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Synthesis and in vivo Evaluation of PEG-BP-BaYbF5 Nanoparticles for Computed Tomography Imaging and their Toxicity

Research output: Contribution to journalArticle

Original languageEnglish
JournalJournal of Materials Chemistry B
DOIs
Publication statusPublished - 11 Jul 2020

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Abstract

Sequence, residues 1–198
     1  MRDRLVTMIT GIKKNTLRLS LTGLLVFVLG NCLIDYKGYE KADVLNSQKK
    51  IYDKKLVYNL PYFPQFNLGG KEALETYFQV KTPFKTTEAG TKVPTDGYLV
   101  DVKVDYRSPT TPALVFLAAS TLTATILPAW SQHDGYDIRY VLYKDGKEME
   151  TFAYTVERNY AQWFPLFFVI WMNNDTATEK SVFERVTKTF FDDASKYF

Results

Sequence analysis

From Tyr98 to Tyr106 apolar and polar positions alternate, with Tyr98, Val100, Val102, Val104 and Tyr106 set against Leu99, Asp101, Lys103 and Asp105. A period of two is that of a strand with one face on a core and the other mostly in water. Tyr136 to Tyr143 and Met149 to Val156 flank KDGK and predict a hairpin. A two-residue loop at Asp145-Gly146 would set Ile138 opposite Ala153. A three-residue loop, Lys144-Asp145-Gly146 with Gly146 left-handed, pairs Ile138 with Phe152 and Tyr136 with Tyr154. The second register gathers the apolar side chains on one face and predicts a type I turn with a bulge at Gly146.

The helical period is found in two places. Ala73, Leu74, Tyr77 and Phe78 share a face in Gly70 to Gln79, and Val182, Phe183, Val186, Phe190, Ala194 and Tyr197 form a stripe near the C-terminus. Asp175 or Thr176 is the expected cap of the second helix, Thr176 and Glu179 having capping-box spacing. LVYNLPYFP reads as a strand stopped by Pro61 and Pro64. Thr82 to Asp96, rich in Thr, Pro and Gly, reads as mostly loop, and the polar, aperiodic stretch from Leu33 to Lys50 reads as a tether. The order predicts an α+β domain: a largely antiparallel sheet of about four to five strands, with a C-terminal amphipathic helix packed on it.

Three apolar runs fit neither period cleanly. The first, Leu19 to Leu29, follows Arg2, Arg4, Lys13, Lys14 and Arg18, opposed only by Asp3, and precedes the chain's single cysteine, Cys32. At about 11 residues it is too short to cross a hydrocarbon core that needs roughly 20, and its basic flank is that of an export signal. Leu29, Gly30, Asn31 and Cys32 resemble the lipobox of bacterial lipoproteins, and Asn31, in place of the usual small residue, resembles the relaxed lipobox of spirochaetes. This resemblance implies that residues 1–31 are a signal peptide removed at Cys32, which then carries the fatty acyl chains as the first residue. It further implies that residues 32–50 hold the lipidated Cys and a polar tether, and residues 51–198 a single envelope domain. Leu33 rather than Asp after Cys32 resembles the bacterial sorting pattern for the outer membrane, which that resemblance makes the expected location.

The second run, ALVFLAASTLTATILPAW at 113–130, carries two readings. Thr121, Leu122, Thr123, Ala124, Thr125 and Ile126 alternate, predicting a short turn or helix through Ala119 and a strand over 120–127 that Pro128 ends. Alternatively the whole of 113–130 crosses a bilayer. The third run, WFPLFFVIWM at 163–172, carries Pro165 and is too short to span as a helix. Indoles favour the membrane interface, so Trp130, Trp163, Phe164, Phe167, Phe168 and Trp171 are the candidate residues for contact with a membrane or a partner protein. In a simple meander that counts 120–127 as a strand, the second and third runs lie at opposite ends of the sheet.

Computed tomography (CT) is one of the most widespread imaging techniques in clinical use worldwide. CT contrast agents are administered to improve soft tissue contrast and highlight blood vessels. However, the range of CT contrast agents available in the clinic is limited and suffer from short-circulation times and low k-edge values that result in the need for high doses for in vivo applications. Nanomaterials containing a mixture of electron-dense elements, such as BaYbF5 nanoparticles, have shown promise as more efficient CT contrast agents, but they require biocompatible coatings for biomedical applications. Here, we explore the use of a bifunctional PEG polymer (5 KDa) containing a terminal bisphosphonate (BP) anchor for efficient binding to the surface of BaYbF5 nanomaterials. The resulting PEG(5)-BP-BaYbF5 nanoparticles were synthesized and characterized by TEM, DLS, TGA, XRD and z-potential measurements. Their in vitro stability was verified and their ability to produce CT contrast at a wide range of X-ray energies, covering preclinical and clinical scanners, demonstrated. In vitro toxicity studies with PEG(5)-BP-BaYbF5 in the phagocytic pro-monocytic human cell line U937, did not identify toxic effects, even at high concentrations (30 mM). In vivo, PEG(5)-BP-BaYbF5 exhibited efficient CT contrast for angiography imaging, highlighting blood vessels and vascular organs, and long circulation times as expected from the PEG coating. However, at late time points (48 h), in vivo toxicity was observed. While the causes could not be completely elucidated, in vitro studies suggest that decomposition and release of Yb3+ and/or Ba2+ metal ions after decomposition of PEG(5)-BP-BaYbF5 may play a role. Overall, despite promising CT contrast properties, our results suggest that BaYbF5 nanomaterials may suffer from significant long-term toxicities.

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